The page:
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DEPARTMENT OF THE NAVY -- NAVAL HISTORICAL CENTER
805 KIDDER BREESE SE -- WASHINGTON NAVY YARD
WASHINGTON DC 20374-5060

Photo # NH 98819:  USS Charles Ausburn transiting the Panama Canal, circa 1922-1930

Online Library of Selected Images:
-- U.S. NAVY SHIPS --

USS Charles Ausburn (Destroyer # 294, later DD-294), 1920-1931

USS Charles Ausburn, a 1190-ton Clemson class destroyer built at Squantum, Massachusetts, was commissioned in March 1920. Originally intended to be named Ausburn, and launched as such in mid-December 1919, she received her definitive name a month before completion. When the Navy formally adopted its hull number system in July 1920, she was designated DD-294. Throughout her career Charles Ausburn was primarily employed in the Atlantic and Caribbean, though participation in large U.S. Fleet exercises took her to the Pacific at least once. The destroyer also deployed to Europe and the Mediterranean Sea in 1925-1926. A year earlier, in mid-1924, she operated in the North Atlantic in support of a flight around the World by U.S. Army aircraft. Another aviation-related assignment took place in the fall of 1923, when she was temporarily fitted to operate a seaplane, an early attempt to use smaller warships to take aircraft to sea. Following a decade of service, USS Charles Ausburn was decommissioned at the Philadelphia Navy Yard in May 1930. She was sold for scrapping in January 1931.

This page features all the views we have related to USS Charles Ausburn (Destroyer # 294, later DD-294).


If you want higher resolution reproductions than the digital images presented here, see: "How to Obtain Photographic Reproductions."

Click on the small photograph to prompt a larger view of the same image.

Photo #: NH 59853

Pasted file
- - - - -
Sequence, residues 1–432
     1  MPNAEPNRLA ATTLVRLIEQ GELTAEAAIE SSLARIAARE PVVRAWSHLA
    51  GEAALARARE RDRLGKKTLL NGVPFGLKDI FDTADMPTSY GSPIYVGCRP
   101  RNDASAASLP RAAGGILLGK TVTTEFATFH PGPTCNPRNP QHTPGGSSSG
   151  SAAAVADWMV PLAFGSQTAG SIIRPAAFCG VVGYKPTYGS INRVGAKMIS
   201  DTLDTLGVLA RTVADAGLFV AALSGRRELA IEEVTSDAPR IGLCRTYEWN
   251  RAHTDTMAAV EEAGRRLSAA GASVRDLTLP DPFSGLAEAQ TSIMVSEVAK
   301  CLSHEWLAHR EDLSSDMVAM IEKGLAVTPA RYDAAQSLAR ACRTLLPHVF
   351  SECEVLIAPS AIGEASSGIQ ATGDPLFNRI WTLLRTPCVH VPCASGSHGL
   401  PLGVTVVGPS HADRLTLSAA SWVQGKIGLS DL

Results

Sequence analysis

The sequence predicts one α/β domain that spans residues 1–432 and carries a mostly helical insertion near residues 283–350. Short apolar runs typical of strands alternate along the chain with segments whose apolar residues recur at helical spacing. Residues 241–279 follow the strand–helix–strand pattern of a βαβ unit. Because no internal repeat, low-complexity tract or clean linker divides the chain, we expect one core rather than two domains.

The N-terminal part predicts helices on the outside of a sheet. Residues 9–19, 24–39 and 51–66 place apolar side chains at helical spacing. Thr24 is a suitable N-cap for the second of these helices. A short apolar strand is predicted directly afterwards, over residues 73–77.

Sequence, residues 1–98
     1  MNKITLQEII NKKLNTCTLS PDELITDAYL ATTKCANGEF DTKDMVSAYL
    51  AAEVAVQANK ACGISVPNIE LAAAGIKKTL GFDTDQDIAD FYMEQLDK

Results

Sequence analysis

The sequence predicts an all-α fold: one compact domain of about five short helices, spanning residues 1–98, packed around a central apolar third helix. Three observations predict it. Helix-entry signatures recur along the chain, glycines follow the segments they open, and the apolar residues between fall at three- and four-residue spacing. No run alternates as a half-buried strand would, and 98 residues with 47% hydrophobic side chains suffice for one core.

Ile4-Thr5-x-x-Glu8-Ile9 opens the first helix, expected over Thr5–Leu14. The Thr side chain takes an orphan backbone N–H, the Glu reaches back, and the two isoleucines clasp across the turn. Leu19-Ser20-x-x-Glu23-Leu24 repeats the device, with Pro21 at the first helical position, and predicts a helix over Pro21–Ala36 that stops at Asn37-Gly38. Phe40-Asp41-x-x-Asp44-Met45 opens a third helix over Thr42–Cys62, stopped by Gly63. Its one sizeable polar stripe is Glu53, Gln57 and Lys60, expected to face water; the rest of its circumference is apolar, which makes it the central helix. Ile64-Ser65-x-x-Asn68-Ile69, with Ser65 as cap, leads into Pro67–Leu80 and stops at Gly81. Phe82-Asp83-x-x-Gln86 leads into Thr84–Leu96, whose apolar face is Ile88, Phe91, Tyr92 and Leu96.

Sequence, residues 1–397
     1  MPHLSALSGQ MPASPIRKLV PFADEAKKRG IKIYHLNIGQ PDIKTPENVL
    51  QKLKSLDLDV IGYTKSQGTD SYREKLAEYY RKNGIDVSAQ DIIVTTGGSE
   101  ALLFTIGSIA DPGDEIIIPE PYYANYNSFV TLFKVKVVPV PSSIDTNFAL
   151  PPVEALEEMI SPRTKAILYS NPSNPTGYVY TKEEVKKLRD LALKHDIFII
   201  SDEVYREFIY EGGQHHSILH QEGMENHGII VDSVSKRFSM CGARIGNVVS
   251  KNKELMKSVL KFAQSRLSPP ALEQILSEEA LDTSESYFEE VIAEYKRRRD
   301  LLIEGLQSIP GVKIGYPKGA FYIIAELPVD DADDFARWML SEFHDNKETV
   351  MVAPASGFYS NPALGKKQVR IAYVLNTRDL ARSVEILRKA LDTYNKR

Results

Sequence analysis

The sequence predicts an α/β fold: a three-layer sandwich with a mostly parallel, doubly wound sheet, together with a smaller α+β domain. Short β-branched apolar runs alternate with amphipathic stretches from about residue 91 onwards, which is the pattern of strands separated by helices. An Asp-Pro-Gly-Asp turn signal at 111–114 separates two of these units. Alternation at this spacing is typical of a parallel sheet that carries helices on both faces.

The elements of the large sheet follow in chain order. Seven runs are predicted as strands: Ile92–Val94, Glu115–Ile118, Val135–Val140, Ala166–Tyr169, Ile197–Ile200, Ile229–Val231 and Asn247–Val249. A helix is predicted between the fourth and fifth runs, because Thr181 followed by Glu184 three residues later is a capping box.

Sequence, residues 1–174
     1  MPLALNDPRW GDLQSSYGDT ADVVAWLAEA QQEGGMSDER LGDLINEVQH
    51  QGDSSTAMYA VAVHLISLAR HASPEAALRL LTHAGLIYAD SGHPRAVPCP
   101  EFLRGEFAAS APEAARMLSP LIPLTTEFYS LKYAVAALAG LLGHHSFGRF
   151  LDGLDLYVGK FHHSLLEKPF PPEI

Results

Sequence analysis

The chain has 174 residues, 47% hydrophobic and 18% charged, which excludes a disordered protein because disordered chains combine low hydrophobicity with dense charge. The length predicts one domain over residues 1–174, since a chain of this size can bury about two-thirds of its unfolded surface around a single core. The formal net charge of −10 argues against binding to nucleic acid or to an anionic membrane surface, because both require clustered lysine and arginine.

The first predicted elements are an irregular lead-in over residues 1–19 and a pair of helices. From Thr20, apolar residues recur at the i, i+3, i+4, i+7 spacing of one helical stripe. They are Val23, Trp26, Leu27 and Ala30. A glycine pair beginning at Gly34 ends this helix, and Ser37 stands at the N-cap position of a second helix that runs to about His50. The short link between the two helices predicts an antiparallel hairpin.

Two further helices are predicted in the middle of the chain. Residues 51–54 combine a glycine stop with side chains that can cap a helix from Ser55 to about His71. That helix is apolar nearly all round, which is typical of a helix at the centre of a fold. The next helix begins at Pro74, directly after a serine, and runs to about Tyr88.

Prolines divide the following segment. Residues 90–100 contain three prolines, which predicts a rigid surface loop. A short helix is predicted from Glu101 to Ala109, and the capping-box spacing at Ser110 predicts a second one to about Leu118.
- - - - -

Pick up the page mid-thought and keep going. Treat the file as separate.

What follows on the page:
USS Charles Ausburn (DD-294)


Photographed circa 1922-1930.

U.S. Naval Historical Center Photograph.

Online Image: 65KB; 740 x 485 pixels

 
Photo #: NH 98819

USS Charles Ausburn (DD-294)


Transiting the Panama Canal, circa 1922-1930.

U.S. Naval Historical Center Photograph.

Online Image: 107KB; 740 x 490 pixels

 
Photo #: NH 59852

USS Charles Ausburn (DD-294)


In port, with a TS-1 floatplane (Bureau # A6300) on a platform in front of her bridge, circa 1923.

U.S. Naval Historical Center Photograph.

Online Image: 96KB; 740 x 595 pixels

 
Photo #: NH 98811

USS Charles Ausburn (DD-294)


At Boston, Massachusetts, after returning from supporting the Army round-the-World flight, September 1924.
Panoramic photograph by J.C. Crosby, 46 Main St., Somerville, Mass.

U.S. Naval Historical Center Photograph.

Online Image: 112KB; 1200 x 470 pixels

 
Photo #: NH 59852-A

Naval Aircraft Factory TS-1 floatplane
(Bureau # A6300)

On a platform on board USS Charles Ausburn (DD-294), circa 1923.
This image is cropped from Photo # NH 59852.

U.S. Naval Historical Center Photograph.

Online Image: 78KB; 740 x 585 pixels

 
Photo #: NH 98820

Naval Aircraft Factory TS-1 floatplane

(Bureau # A6300)

Carried on board USS Charles Ausburn (DD-294), circa 1923.
This image is a halftone reproduction.

U.S. Naval Historical Center Photograph.

Online Image: 115KB; 675 x 675 pixels

 


In addition to the images presented above, the National Archives appears to hold at least one other view of USS Charles Ausburn (DD-294). The following list feature this image:

The image listed below is NOT in the Naval Historical Center's collections.
DO NOT try to obtain it using the procedures described in our page "How to Obtain Photographic Reproductions".


  • Photo #: 80-G-1034846
    USS Charles Ausburn (DD-294) in harbor, 1924. Photographed by Tanzin.
    Starboard bow surface view, showing the ship at rest.

    Reproductions of this image should be available through the National Archives photographic reproduction system for pictures not held by the Naval Historical Center.

    The image listed in this box is NOT in the Naval Historical Center's collections. DO NOT try to obtain it using the procedures described in our page "How to Obtain Photographic Reproductions".


  • If you want higher resolution reproductions than the digital images presented here, see: "How to Obtain Photographic Reproductions."


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    Page made 7 September 2003